At a recent hearing on SYEP issues, Councilmember Marion Barry, the Dean of Summer Jobs, admitted that it took his administration four to five years to get the program perfected. But Barry added: "Then two years ago, our program was the best in the nation became the worst in the nation." Barry has his reasons to hate on the program; Fenty pulled a number on him in 2008 after Barry started complaining about problems within the SYEP. Last May, Barry vowed to hold weekly hearings on the summer jobs program. Unfortunately, Barry was consumed with a little problem of his own making. Councilmember Michael Brown, who took over from Barry oversight over summer jobs, has vowed to hold regular hearings on SYEP.
AFTER THE JUMP—Fenty responds to domestic-violence rumors, Jonetta Rose Barras pens nominee for laziest column of the year, D.C. Council approves starting nonprofit to take over United Medical Center, and much, much more!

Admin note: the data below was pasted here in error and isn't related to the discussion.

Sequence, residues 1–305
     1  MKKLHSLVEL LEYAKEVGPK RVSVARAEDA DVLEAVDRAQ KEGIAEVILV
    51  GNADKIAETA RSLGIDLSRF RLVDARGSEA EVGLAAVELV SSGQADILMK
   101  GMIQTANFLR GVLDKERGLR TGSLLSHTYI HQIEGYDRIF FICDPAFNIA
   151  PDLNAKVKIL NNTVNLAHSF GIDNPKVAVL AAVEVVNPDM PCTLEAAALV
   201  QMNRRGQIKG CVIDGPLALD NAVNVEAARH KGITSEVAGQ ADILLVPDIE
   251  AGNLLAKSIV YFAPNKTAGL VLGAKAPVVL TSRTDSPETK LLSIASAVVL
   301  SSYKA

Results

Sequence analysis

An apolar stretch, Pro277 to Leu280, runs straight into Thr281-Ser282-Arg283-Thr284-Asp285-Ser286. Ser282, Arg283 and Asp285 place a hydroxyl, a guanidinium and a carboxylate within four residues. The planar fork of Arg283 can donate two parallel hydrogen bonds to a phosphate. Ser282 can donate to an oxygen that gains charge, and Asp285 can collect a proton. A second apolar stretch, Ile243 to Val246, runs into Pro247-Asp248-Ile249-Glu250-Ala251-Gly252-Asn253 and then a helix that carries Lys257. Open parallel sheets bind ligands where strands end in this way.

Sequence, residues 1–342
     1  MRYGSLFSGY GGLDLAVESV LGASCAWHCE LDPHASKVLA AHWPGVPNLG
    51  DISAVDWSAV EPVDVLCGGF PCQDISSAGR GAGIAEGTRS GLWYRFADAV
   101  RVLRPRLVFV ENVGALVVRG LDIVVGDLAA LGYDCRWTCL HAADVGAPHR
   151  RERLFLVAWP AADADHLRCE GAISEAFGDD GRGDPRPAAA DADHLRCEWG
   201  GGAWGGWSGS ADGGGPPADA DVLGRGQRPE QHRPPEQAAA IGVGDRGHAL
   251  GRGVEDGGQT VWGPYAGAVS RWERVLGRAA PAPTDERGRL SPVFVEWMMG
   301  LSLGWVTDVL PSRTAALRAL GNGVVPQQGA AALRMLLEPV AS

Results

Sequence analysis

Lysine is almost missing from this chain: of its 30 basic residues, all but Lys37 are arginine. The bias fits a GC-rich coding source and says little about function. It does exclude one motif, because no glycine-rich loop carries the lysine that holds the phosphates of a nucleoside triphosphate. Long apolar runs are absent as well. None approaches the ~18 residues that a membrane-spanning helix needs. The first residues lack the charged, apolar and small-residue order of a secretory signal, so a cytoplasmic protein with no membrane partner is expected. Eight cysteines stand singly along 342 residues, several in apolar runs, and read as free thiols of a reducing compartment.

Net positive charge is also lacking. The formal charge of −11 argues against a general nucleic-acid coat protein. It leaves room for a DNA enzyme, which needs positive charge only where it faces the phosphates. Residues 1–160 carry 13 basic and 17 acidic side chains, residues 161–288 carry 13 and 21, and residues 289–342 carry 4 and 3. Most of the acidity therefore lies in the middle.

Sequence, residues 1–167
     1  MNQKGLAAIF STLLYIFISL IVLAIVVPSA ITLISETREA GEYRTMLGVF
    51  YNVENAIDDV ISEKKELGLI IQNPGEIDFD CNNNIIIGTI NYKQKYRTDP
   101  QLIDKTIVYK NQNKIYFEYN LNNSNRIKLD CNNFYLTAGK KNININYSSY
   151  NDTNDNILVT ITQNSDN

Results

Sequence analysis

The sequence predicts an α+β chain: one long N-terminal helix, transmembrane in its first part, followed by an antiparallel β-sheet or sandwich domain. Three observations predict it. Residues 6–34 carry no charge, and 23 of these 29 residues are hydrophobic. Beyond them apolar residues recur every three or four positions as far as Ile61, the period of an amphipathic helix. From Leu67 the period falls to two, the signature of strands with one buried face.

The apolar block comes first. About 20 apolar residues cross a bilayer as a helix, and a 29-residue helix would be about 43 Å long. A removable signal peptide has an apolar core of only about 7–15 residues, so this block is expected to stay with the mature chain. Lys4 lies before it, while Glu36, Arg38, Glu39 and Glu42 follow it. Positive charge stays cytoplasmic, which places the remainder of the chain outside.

UNITED MEDICAL CENTER: The D.C. Council approved the creation of a nonprofit to take over the Southeast hospital. WaPo's Tim Craig reports: "After months of wrangling between the city and Specialty Hospitals of America, the hospital's owner, Attorney General Peter Nickles plans to auction the Southeast Washington hospital on the steps of the John A. Wilson Building on July 9. Nickles has accused Specialty, a for-profit company that took over the hospital then known as Greater Southeast in 2007, of defaulting on its loan agreements with the city. Officials do not expect any bidders, and Nickles and council member David A. Catania (I-At Large) have drawn up plans to convert the long-troubled hospital into a quasi-city-managed facility until a new owner is found. 'The District believes it's in its best interest to foreclose to protect the District's substantial investment,' Catania said, noting that the city has spent more than $70 million on the facility over the past three years. 'I believe, and this council believes, we have a special obligation to continue the operation of a de facto safety-net hospital in the District.' Attorneys for Specialty will be in court July 6 to try to block the foreclosure. Company Chairman Jim Rappaport predicted that city officials would fail in the hospital business if they wrestle control. Rappaport noted that the city-run D.C. General Hospital closed in 2001 after myriad problems. 'The District of Columbia did such a great job with D.C. General, I am surprised at the process they are undertaking,' Rappaport said. 'They can't run it well because they haven't run it well. . . . It's a very complicated process to run and manage a hospital.' Under the emergency legislation moved by Catania on Tuesday and approved by a vote of 12 to 1, the city wants to create a 14-member board to oversee the Not-for-Profit Hospital Corp. The corporation 'would receive the land, improvements on the land, equipment, and other assets of United Medical Center' and 'operate and take all actions to ensure the continued operation of the hospital.'" More coverage via WBJ.